One of my all time favourite games is a 90s-era turn-based strategy game which takes place during the First World War. The game, called History Line, starts out at the beginning of the war with a relatively small number of possible military units. As the war goes on, the battlefields get larger and the technology slowly advances (as it did in real life). The increasingly complex situations form the difficulty curve while the AI and rules remain the same throughout the game. I have often wished someone would come along and re-make History Line with slightly better graphics and some smoother controls. Well, some people did exactly that.
Battle Worlds: Kronos is a turn-based strategy game set in a futuristic environment where we, as a Commander, control groups of units on a map of hexagons. We are given objectives for a given map such as capturing the enemy headquarters or protecting a certain area. As with games like History Line our units move and fire as separate actions and each unit has a specific firing range, speed and certain special strengths. Units can be upgraded or repaired as they gain combat experience.
The first mission in Kronos is a tutorial and it does a nice job walking us through the steps involved in commanding a small army. We are walked through movement, one-on-one combat, securing objects, combat involving multiple units and capturing buildings. The tutorial is interesting in that it is very straight forward in its instructions and quite helpful, but the tutorial mission is still challenging. At least I found it to be a challenge.
The first time I played through the tutorial I was destroyed when I failed to grasp that a unit could have a minimum range as well as a maximum. This means some units cannot hit targets which are too close and moving my tanks closer simply resulted in their destruction. The second time through I took the advice of one of my in-game subordinates and attacked the enemy over water. I thought sneaking around the coastline behind the bulk of the enemy forces was clever, but it just ended in me dividing my forces and losing. After that I got back into the mindset I had when playing History Line, drawing on lessons from my past and I managed to defeat the enemy tanks with hardly a friendly casualty. (I guess my point here is the game sometimes offers hints which sound helpful, but may be deadly if not executed just right.)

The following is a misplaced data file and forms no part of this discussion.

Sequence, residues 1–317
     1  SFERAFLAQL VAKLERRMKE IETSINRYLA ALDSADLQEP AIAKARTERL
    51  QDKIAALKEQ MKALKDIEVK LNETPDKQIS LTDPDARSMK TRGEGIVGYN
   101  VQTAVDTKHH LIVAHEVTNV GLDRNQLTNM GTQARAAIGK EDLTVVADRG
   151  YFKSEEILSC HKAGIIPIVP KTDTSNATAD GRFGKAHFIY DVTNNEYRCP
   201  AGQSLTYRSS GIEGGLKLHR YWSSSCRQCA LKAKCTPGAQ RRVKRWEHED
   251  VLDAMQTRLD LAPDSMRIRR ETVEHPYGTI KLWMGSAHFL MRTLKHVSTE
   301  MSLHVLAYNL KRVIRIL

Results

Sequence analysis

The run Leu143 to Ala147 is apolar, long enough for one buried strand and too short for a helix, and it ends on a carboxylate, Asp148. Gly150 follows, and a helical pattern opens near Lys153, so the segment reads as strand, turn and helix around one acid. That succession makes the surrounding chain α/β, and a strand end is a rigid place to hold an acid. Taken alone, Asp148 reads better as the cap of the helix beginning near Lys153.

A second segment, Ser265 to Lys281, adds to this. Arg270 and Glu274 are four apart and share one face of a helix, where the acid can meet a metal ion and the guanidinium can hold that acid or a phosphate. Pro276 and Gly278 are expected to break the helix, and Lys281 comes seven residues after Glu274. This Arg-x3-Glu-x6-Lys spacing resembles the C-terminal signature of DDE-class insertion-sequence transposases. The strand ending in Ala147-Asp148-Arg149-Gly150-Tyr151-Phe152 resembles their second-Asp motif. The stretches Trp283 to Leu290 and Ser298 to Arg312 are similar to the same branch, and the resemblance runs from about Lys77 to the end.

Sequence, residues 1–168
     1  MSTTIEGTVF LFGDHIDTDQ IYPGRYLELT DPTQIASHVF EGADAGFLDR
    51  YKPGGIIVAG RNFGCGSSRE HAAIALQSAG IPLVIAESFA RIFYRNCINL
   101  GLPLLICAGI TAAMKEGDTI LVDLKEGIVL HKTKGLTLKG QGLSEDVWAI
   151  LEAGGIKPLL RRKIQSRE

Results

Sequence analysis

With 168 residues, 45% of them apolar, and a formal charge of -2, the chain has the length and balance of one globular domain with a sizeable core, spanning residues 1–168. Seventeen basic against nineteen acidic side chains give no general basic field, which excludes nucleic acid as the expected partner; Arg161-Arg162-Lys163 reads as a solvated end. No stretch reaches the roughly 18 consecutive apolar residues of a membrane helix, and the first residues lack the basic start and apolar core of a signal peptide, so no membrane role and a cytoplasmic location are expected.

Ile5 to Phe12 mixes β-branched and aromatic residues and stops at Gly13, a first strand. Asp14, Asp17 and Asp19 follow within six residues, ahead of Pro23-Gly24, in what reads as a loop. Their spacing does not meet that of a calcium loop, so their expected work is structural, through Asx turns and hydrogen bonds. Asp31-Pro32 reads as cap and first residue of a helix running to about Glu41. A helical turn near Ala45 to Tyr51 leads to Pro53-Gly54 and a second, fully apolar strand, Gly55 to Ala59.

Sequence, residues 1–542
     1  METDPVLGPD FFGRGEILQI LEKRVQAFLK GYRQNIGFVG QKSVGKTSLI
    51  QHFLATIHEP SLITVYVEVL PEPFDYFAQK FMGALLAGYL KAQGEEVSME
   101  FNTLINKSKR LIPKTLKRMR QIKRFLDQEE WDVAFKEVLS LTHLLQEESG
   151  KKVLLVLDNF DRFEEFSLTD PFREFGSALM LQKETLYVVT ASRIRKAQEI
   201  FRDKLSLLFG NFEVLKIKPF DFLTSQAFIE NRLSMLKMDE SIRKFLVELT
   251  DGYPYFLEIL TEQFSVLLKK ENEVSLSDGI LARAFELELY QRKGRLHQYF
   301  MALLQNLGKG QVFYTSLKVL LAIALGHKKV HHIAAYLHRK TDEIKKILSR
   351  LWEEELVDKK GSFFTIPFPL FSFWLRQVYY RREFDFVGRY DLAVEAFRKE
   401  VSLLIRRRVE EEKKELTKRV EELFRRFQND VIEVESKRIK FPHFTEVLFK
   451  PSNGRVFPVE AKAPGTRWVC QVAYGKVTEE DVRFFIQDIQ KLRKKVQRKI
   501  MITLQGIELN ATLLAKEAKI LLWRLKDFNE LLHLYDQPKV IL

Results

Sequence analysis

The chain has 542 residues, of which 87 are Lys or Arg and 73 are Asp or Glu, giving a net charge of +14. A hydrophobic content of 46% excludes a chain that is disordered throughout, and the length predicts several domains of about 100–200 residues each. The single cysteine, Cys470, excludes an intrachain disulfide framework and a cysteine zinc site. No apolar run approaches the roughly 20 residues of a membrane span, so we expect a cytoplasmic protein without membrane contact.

Though I’ve only played a few missions, there are some really great features offered by Kronos. One is that the game presents all the great features of classic turn-based strategy games while also providing an upgraded interface. The graphics are good (without being distracting), the instructions are clear and the controls are pretty smooth. There were some features I had to find by trial and error, such as upgrading and healing units. However, once I got into the swing of things I found the controls to be smooth and the game has a nice, quick flow to it. Sometimes turn-based games can be boring from repetition, but I found Kronos moved along quickly enough to hold my attention. I also like that there is a bit of a story going on in the background. There is a plot afoot behind the scenes and, while it doesn’t affect the battle directly, having a story to follow is nice motivation to see what the next chapter holds. Kronos would stand on its own without the story: the variety of available units, the capable AI and the graphics hold up on their own. Still, I like that there is a plot to follow, the story adds a touch of intrigue and passion to the combat.
All in all, I give Kronos a solid four stars out of five. The game only glitched on me once (I completed an objective too early during the tutorial, throwing off the flow of the instructions) and everything feels smooth, adding modern polish to a beloved classic genre. I’m only a few missions into the game so far, but the units feel balanced and, while the AI puts up a good fight, it does not appear to be overpowered. Kronos is available as a demo so potential players can try it out before buying.
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